The status of the persons being recorded matters because, as the Supreme Court has said on various occasions, “the expectations of privacy of an individual taken into police custody ‘necessarily [are] of a diminished scope.’ “ Maryland v. King, 133 S.Ct. 1958, 1978 (2013) (citation omitted). Unlike the individuals in Delibro, Johnson, and Deegan, Mr. Studivant was not under arrest at the time of his privileged conversations with Ms. Gennusa, and his interview with Det. Marmo was non-custodial. And, unlike certain of the individuals in those cases, who had some indication that they were being surveilled and monitored, Mr. Studivant and Ms. Gennusa had no idea that Det. Marmo, Sgt. Canova, and other members of the St. Johns Sheriff's Office were eavesdropping on them. Indeed, as the district court put it, they were “given no indication of this fact.” See Gennusa, 879 F.Supp.2d at 1341 & n. 1. Cf. United States v. Duncan, 598 F.2d 839, 852 (4th Cir.1979) (holding, in criminal prosecution under the Federal Wiretap Act, that IRS agents conducting an audit at a bank had a reasonable expectation of privacy in an office assigned to them by the bank, and distinguishing cases holding that “statements made by a prisoner in police custody may not be considered justifiably private”: “The significant fact in the cases involving statements uttered while in police custody is not the hostility between officer and suspect; it is the fact that the speaker was in police custody. Those cases simply announce a societal decision that one may not reasonably expect his utterances to be private while he is held in police custody for violation of the law.”).4

In sum, Mr. Studivant and Ms. Gennusa had a reasonable expectation of privacy for their privileged attorney-client conversations in the interview room of the St. Johns County Sheriff's Office. The surreptitious recording and monitoring of those attorney-client conversations, without notice to Mr. Studivant or Ms. Gennusa, and without a warrant, violated the Fourth Amendment .5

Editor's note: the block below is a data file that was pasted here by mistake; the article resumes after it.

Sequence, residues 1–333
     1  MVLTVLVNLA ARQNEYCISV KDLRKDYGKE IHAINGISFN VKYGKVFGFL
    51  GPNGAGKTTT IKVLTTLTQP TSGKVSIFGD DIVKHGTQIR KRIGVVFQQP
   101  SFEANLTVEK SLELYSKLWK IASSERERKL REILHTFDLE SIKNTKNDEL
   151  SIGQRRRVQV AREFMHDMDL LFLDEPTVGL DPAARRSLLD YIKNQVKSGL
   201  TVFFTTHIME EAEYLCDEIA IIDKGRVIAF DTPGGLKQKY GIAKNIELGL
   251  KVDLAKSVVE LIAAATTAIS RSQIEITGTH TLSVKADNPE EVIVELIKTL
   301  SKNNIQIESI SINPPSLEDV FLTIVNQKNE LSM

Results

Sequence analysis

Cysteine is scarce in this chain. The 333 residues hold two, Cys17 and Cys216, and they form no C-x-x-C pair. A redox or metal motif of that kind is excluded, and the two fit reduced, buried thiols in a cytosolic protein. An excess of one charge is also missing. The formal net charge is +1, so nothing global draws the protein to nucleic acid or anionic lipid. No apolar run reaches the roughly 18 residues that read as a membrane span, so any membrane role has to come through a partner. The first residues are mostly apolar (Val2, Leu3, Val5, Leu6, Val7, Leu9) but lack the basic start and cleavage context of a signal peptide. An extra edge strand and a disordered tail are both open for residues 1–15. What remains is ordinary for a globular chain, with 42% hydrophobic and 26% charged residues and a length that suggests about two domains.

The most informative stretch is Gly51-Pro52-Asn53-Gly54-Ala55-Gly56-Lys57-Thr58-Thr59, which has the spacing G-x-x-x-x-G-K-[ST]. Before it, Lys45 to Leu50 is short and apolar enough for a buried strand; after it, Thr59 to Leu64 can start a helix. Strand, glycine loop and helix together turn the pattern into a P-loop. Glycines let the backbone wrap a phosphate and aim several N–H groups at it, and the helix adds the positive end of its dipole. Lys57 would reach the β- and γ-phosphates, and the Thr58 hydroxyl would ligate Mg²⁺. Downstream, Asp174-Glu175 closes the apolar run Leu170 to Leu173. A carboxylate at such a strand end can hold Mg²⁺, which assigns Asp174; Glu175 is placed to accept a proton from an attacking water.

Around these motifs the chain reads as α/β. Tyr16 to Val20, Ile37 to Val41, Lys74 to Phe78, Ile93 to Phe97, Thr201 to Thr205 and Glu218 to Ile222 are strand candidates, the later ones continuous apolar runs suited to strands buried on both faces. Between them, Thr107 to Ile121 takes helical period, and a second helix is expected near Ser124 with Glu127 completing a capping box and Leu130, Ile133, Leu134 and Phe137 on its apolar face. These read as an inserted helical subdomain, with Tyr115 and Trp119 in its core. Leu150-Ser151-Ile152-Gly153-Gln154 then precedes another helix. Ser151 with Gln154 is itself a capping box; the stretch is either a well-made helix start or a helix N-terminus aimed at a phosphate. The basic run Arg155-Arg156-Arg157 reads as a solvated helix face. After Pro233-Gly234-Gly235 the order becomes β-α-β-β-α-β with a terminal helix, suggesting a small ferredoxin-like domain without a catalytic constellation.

B

We next address whether, in June of 2009, it was clearly established that the Fourth Amendment prohibited the warrantless recording of attorney-client conversations between a non-incarcerated suspect and his attorney under the circumstances presented here. Like the district court, see Gennusa, 879 F.Supp.2d at 1349–50, we answer that question in the affirmative.

We do not always “require a case directly on point before concluding that the law is clearly established, but existing precedent must have placed the statutory or constitutional question beyond debate.” Stanton, 134 S.Ct. at 5. In other words, a “constitutional rule already identified in the decisional law may apply with obvious clarity to the specific conduct in question, even though the very action in question has [not] previously been held unlawful.” Hope v. Pelzer, 536 U.S. 730, 741 (2002). See also Coffin v. Brandau, 642 F.3d 999, 1014–15 (11th Cir.2011) (en banc) (“To find that a broad principle of law clearly establishes the law as to a specific set of facts, it must do so with obvious clarity to the point that every objectively reasonable government official facing the circumstances would know that the official's conduct did violate federal law when the official acted.”) (internal quotation marks and citation omitted). In the end, the “touchstone is whether the right would be apparent to a reasonable officer.” Gilmore v. Hodges, 738 F.3d 266, 277 (11th Cir.2013).